Timeshare and destination clubs are a form of property ownership involving ownership of an individual unit of accommodation for seasonal usage.

A motel is a small-sized low-rise lodging with direct access to individual rooms from the car park.

Some hotels are built specifically as a destination in itself, for example at casinos and holiday resorts.

Most hotel establishments are run by a General Manager who serves as the head executive (often referred to as the "Hotel Manager"), department heads who oversee various departments within a hotel (e.g., food service), middle managers, administrative staff, and line-level supervisors.

Famous London examples of inns include the George and the Tabard.

A typical layout of an inn had an inner court with bedrooms on the two sides, with the kitchen and parlour at the front and the stables at the back.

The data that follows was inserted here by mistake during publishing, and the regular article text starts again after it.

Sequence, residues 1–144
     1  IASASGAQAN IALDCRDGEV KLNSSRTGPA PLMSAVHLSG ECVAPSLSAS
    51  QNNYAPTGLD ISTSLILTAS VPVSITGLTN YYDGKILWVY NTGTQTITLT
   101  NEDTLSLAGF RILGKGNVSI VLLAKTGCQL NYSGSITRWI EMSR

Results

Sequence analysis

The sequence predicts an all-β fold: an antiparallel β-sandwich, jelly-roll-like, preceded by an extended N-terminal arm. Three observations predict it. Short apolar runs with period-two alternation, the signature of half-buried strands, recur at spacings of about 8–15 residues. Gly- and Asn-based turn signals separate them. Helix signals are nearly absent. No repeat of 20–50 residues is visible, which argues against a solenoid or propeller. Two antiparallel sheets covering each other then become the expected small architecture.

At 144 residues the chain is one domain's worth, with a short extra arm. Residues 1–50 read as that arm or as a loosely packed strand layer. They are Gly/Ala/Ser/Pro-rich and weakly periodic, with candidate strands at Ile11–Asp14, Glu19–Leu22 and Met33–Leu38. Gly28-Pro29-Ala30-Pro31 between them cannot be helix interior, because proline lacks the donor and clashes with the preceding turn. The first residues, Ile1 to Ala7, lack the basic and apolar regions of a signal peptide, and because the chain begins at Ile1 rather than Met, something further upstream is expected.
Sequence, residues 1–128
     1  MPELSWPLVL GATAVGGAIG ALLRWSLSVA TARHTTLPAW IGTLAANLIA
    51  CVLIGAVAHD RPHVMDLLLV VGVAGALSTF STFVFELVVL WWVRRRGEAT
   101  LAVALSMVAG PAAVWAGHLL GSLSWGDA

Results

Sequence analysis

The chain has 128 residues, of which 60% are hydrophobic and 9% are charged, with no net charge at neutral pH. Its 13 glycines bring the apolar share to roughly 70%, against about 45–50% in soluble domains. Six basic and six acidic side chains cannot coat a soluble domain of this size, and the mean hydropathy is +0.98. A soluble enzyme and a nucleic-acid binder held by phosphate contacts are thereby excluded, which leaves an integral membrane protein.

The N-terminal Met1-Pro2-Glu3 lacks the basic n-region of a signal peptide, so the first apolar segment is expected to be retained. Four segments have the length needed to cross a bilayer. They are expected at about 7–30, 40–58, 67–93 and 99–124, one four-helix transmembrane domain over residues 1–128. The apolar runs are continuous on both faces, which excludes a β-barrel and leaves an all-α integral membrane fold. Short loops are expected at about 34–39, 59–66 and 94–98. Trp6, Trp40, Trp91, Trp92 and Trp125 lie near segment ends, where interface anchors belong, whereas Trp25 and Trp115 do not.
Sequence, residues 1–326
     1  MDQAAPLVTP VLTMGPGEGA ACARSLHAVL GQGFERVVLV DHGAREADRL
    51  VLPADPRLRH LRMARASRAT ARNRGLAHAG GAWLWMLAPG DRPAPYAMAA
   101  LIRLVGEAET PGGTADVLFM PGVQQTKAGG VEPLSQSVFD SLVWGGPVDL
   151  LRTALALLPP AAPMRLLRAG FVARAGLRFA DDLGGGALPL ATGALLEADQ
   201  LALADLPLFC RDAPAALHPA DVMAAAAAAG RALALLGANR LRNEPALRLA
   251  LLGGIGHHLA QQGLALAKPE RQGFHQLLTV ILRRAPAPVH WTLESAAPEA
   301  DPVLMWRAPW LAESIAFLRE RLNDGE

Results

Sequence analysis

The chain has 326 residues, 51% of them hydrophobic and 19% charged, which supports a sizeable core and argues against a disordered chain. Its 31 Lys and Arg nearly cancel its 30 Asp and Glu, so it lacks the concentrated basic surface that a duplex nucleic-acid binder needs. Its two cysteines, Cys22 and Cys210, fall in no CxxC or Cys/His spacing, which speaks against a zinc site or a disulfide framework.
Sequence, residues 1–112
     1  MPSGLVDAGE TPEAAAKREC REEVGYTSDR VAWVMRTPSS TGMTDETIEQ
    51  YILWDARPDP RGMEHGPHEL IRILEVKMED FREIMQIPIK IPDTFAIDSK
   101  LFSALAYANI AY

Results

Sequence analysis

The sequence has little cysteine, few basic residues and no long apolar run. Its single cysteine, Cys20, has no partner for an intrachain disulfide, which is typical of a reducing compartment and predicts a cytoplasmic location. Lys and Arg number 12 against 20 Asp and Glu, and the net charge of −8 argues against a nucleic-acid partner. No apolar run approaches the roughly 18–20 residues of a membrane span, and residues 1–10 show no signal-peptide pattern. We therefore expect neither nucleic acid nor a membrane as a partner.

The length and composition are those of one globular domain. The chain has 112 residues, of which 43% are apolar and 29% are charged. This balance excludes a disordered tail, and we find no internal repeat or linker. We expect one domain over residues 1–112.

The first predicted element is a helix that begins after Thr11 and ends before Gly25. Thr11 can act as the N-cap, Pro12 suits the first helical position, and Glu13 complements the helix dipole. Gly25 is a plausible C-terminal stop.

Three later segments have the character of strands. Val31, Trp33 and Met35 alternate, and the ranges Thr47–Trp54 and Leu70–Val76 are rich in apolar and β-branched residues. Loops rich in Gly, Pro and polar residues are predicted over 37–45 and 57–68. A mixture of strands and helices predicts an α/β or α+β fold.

The organizational chart and volume of job positions and hierarchy varies by hotel size, function and class, and is often determined by hotel ownership and managing companies.

The word hotel is derived from the French hôtel (coming from the same origin as hospital), which referred to a French version of a building seeing frequent visitors, and providing care, rather than a place offering accommodation.

Economy hotels are small to medium-sized hotel establishments that offer basic accommodations with little to no services.

Extended stay hotels are small to medium-sized hotels that offer longer-term full service accommodations compared to a traditional hotel.

For a period of about 200 years from the mid-17th century, coaching inns served as a place for lodging for coach travelers (in other words, a roadhouse).

Coaching inns stabled teams of horses for stagecoaches and mail coaches and replaced tired teams with fresh teams.

An upscale full-service hotel facility offers luxury amenities, full service accommodations, an on-site restaurant, and the highest level of personalized service, such as a concierge, room service and clothes pressing staff.